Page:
Sunday, May 2, 2010

What's is YOUR takeout at the track?


How familiar are people with the term "track takeout?" TRACK TAKEOUT is the amount of wagering money, following the state regulations where the track is located, removed by the track before the winning bettors are paid. A higher track takeout means that the winners get a smaller remaining percentage of the pool. Each pool has its own level of takeout. Generally 15% is the takeout for win, place and show bets; daily doubles and exactas have a 20% takeout; and more complicated exotic wagers have 25% takeout.

While I agree with all players that race tracks should experiment with their business models to find out if their revenue could be enhanced with a lower takeout structure (some economists point out that lowering track takeout could actually INCREASE revenue for the tracks, because people would get more money back and they could "re-bet" their extra winnings back into the pools), but today I am going to propose some ideas in keeping more of YOUR dollars.


I think following these suggestions will help you wager better at the races.

(1) Try to do your own research and develop new concepts for your betting.

What new or innovative research do you do that separates you from the betting crowd? Do you do pedigree research? How about looking at trainer stats or trips? If you are starting out as a handicapper, have you looked at reading some of the better authors? I would recommend Derek Simon (of, Jeremey Plonk and Joe Kristufek (of, Cary Fotias, Tom Brohammer (the book "Modern Pace Handicapping"), and Steven Crist (the book "Exotic Betting," and Steve's blog at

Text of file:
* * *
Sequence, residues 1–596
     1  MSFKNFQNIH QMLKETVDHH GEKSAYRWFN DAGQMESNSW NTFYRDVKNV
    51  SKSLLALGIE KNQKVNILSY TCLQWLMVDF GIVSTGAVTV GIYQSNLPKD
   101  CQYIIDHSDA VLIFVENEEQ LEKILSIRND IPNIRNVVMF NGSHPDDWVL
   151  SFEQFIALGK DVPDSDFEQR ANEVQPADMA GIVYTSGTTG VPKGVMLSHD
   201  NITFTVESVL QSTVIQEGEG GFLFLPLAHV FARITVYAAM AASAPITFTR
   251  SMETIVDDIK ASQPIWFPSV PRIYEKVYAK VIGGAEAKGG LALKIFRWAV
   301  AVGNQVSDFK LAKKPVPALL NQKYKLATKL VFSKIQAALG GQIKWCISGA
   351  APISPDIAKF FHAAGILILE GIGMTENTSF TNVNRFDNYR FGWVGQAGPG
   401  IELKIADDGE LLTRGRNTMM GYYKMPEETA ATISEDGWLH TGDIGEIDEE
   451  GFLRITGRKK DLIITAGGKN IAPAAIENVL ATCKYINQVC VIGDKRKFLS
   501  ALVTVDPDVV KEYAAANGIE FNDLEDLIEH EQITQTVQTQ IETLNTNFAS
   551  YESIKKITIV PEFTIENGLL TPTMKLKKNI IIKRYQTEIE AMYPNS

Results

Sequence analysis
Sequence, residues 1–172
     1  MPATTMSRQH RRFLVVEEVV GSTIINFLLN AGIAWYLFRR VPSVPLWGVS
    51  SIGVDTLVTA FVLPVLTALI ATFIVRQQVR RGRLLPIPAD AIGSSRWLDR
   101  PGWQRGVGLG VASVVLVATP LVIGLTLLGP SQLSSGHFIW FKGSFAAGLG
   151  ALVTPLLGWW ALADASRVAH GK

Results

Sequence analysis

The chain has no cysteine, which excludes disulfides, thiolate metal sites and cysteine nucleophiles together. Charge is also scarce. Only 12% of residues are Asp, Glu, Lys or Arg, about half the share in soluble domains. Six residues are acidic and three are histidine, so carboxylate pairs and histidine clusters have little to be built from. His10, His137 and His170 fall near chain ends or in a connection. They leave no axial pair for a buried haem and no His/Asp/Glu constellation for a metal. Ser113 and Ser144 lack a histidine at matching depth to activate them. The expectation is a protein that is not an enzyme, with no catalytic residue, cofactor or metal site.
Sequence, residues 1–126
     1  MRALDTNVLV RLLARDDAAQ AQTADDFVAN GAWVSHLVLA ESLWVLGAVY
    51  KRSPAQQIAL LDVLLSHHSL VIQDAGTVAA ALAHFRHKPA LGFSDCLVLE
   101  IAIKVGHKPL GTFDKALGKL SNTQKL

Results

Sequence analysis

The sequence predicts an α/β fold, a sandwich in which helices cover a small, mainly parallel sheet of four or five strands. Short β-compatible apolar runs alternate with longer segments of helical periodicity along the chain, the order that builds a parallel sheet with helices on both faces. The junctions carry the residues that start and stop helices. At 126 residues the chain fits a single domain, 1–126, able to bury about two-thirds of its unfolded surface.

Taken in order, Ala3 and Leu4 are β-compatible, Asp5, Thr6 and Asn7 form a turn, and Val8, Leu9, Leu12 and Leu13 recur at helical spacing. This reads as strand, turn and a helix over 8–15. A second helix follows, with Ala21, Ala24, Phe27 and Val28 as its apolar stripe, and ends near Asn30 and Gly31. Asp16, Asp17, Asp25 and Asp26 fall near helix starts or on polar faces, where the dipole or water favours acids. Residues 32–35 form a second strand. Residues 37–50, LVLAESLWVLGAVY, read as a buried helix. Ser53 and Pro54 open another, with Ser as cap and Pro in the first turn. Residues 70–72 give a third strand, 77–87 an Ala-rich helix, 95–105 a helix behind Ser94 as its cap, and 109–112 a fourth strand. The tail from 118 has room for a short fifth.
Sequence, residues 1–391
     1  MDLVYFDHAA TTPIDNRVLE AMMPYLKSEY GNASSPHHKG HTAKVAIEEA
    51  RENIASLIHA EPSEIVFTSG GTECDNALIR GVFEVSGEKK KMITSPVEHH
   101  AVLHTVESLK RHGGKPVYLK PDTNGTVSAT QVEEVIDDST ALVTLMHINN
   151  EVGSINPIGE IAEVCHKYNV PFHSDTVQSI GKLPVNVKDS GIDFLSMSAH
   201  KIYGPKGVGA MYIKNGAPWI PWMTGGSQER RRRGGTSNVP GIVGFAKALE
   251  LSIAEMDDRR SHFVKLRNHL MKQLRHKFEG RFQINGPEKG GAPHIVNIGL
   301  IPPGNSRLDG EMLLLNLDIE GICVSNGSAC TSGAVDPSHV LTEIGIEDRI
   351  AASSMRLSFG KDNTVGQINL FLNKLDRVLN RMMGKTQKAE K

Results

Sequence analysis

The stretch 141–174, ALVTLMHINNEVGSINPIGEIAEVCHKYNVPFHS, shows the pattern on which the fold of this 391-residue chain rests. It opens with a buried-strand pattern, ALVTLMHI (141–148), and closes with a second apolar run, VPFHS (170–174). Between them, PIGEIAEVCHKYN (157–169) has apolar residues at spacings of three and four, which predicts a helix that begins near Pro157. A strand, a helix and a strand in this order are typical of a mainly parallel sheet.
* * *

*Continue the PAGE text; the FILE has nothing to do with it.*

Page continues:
(2) Watch video replays

Can you determine what a good trip was, versus a bad trip? How does PACE and POST POSITION affect trip? Do you know where to find good video replays? Some tracks like Tampa Bay Downs post all their video replays on the internet for free. Most tracks put their races on sites like - 100 free replays for $12.95 a month. has FREE replays for all maiden, allowance and stakes races in the US and Woodbine.

(3) Don't jump on the bandwagon

The broad consensus before the Kentucky Derby was Lookin at Lucky was the best horse in the Kentucky Derby field. Why that was so was unclear, as he had never run fast enough to be considered a clear choice. Try to look for angles on horses that run COUNTER to public opinion - that's the only way to make money in our game.

(4) Have the right amount of capital to make the bet

If you want to play a serious pick 6, consider this advice from Bob Neumier: "If you have $1,000 and you want to play the pick 6, find a friend with another $1,000 and combine resources for the bet." Advanced exotic bets are fun, but require a fair amount of capital to play. If you are low on capital focus on win and exacta betting.

(5) Don't bet money you don't really want to lose

This isn't an anti-gambling rant, but in my experience when people get emotional they make poor wagering decisions, usually by "holding back," rather than playing the right horse at the right time.

Happy punting!

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